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Breast cancer has always been apart of my life. When I was young my grandmother had it. She had one breast removed. When I was in the fifth grade my mother found out she had it. It was very hard for me coping with what she was going through. I always kind of thought she wouldn't be around much longer from how sick the chemotherapy made her. She did end up fighting through it, and she is still around today. After she was in remission she started putting the pieces together that it wasn't just my grandma and her that went through this. My grandma's mom died from breast cancer. Also her sister and multiple of my second cousins had it. She decided to bring this up with her doctor who later suggested she go visit a genetic counselor. My mom went with here and it was decided she would get the BRACA testing. Sure enough it came back positive. With this knowledge my mom got tested and she was also positive. This meant there was a 50/50 chance for me. I decided to have the testing done when I was 19 years old. I had an iffy feeling after the blood draw that mine too would come back positive. I will never forget the day the counselor called with my results. I knew them before she even had to say anything. I cried with my mom while we figured out which oncologist to set an appointment up with.
I didn't realize how much monitoring really goes along with this positive test result. I was originally told mammograms would be done every 6 months. Before my first mammogram I felt a lump during a self examination. The Dr. decided an ultrasound was the best way to find out what it might be. Not much showed on the ultrasound so he decided to do a MRI. He called the next day and said he needed to see me in his office. It turns out that the lump I felt was nothing...but I did have a strange spot on the same breast in a different location. I ended up having an MRI guided biopsy and it all turned out okay. After that scare it was decided I would have a mammogram at 6 months and a MRI at a year. He also suggested as soon as I decide I'm done having children to have an oophrendectomy and a mastectomy as soon as possible.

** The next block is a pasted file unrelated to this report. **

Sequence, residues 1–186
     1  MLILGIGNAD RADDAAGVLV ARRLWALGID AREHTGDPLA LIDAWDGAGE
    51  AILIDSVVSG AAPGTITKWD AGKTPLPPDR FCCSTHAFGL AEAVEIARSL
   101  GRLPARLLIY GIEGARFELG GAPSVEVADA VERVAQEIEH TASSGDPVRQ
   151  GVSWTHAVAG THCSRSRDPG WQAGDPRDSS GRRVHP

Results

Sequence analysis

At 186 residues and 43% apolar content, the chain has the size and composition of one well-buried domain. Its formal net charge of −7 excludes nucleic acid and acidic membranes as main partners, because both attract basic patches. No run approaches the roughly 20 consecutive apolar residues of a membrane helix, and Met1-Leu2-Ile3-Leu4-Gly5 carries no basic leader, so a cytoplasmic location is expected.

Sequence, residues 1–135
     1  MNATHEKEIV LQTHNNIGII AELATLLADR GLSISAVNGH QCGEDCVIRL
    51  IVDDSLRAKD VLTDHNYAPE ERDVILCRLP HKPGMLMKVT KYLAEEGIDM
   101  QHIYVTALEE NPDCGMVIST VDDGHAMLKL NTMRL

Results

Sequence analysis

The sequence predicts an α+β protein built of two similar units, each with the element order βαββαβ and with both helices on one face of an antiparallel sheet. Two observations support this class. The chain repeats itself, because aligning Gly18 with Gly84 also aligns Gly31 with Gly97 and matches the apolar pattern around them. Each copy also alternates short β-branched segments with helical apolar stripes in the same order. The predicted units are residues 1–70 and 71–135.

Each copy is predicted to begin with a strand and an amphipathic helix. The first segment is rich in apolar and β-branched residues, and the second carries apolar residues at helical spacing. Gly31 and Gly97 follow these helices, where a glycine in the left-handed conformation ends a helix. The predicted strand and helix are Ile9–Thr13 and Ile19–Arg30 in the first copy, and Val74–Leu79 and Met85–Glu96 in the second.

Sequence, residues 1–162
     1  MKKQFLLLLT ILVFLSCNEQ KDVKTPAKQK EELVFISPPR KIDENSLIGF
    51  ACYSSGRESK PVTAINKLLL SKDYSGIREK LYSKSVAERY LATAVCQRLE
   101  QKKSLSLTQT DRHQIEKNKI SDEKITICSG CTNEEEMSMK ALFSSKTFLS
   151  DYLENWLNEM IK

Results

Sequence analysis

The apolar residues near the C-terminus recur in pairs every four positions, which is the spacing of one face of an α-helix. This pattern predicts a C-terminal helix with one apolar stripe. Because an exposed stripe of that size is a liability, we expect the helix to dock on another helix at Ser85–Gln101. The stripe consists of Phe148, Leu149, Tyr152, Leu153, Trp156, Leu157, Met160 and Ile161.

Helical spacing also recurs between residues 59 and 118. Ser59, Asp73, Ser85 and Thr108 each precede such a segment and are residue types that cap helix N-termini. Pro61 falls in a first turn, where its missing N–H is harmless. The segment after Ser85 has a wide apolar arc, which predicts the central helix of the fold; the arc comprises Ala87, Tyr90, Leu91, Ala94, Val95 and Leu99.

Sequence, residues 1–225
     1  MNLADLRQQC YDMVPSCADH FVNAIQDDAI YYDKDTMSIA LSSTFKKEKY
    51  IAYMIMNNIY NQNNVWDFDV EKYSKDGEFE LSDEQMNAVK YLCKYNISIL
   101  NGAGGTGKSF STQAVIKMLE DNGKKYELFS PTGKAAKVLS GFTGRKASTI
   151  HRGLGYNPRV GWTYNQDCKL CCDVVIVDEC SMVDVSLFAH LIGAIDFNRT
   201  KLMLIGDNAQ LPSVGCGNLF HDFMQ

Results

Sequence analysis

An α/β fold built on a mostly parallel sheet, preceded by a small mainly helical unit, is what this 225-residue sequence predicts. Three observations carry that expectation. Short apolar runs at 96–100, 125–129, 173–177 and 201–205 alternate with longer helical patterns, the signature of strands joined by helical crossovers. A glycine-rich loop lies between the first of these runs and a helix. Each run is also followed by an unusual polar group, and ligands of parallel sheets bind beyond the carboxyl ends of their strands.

I told this information to my parents and they still to this day are severely against anything until I'm 35. They think science will change and I wont have to go through such drastic measures. From my own research and meeting with doctors I have found it will best to have this done at a younger age. I'm aiming at a mastectomy just after I turn 25 (next year).
The hardest part of my journey has been thinking about the future. I have a son and I always worry that maybe I've passed this on to him. When thinking this I always get a guilty feeling. It is also hard for me because I don't personally know anyone my age that has been dealt the same hand as I have.
FORCE has shown me that there are many others going through this same thing. We all just have to be there for each other.